Product placement in TV content boosts brand recognition by 20%, according to the results of a study released Wednesday by Nielsen Media Research. The study found that 57.5% of viewers recognized a brand when viewing a product placement in combination with a commercial, compared to the 46.6% of viewers that recognized a brand exposed only to a commercial.
“This comprehensive study of the interaction of product placement and commercial messages demonstrates that product placement can represent a valuable enhancement to a media plan,” said David Poltrack, chief research officer for CBS and one of 14 charter subscribers that helped design and execute the study. “More importantly, it also confirms that not all product placements are successful and it provides valuable guidance for the development of an effective product-placement program.”
While brand recognition increases with product placement, it doesn’t necessarily translate into sales. A little more than one third of all viewers expressed high interest in brands they were able to recognize. Brand awareness, attitude and purchase interest were also affected by the level of familiarity a viewer had with the brand, the program’s genre, the viewer’s loyalty to the program, and the exact nature of the product placement.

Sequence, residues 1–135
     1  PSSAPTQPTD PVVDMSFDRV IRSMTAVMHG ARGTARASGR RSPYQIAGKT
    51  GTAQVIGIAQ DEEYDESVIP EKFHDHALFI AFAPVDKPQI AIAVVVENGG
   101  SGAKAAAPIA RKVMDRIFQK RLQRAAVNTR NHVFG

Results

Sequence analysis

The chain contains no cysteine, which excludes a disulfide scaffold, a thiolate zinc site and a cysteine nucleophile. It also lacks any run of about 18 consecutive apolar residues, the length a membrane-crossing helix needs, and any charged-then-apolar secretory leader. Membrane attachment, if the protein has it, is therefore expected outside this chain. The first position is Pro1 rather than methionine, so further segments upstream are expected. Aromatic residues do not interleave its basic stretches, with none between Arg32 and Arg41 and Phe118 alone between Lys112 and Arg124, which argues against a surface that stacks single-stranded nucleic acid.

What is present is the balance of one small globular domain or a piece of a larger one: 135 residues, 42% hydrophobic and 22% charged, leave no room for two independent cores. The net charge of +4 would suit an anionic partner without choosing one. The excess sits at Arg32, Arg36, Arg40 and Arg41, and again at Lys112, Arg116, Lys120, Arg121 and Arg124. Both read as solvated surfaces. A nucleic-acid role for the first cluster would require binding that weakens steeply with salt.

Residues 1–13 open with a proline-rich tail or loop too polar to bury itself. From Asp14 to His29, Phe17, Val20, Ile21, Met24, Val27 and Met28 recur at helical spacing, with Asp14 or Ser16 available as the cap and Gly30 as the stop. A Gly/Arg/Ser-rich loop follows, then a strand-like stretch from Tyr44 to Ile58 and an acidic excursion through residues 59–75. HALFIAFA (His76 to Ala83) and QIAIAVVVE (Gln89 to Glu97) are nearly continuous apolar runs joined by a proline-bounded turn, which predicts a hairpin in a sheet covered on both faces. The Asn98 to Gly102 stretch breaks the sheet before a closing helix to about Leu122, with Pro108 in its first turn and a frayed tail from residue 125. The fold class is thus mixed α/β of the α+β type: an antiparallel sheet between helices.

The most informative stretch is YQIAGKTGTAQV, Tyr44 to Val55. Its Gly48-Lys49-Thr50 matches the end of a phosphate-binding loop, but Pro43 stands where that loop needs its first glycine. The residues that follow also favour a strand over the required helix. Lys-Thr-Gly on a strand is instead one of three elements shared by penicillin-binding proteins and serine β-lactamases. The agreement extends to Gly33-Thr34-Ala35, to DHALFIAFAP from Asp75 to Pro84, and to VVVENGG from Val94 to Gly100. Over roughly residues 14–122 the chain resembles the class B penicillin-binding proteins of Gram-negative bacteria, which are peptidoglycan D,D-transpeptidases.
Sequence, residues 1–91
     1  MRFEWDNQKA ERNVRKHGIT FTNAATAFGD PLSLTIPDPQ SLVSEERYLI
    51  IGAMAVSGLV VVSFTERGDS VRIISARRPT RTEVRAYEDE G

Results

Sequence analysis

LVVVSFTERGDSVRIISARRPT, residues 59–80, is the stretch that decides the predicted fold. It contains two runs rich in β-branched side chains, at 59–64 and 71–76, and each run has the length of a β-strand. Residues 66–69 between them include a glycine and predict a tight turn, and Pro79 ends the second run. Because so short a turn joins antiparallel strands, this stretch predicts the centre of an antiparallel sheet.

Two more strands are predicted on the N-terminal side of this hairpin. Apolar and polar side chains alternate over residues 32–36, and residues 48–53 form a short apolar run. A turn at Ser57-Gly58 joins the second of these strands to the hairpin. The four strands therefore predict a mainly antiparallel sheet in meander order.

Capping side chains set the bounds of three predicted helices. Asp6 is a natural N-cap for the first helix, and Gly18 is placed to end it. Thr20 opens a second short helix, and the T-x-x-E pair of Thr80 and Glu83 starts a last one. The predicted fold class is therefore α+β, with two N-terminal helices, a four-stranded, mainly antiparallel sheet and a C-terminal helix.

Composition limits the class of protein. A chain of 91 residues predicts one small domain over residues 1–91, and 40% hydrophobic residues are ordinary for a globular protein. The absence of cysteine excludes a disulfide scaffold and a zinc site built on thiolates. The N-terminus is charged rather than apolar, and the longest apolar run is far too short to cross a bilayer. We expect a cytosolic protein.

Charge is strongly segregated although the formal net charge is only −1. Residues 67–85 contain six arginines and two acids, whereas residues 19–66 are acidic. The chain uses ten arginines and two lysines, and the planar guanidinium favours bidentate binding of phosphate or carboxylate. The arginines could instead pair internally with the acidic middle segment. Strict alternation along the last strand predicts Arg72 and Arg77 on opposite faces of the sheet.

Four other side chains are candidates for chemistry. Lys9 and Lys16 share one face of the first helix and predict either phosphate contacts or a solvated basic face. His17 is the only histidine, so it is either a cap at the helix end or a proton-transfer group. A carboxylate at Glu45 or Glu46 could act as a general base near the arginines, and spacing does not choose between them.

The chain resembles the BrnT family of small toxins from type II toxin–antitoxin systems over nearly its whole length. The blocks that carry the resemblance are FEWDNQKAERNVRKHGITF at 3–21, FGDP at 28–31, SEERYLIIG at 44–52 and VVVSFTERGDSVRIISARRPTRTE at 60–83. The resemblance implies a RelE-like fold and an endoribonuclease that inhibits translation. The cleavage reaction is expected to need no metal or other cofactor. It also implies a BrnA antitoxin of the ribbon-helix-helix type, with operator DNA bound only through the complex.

“Some [findings] did indeed confirm what we suspected was true. On the other hand, some findings were counter to what might have been expected,” said Mike Hess, director of global research and communication insights at OMD Worldwide, also a charter subscriber.
The study was conducted over nine months between October 2005 and June 2006 at Nielsen Entertainment’s testing facilities in Las Vegas. More than 10,000 individuals participated in the screening of 50 programs, which featured product placements and commercials for nearly 200 consumer brands.
In addition to CBS and OMD, other charter subscribers included A & E, CourtTV, Discovery, Fox, Magna Global, Mediacom, PHD, Scripps Networks, Sprint, The Weather Channel, Twentieth Century TV and Zenith Media.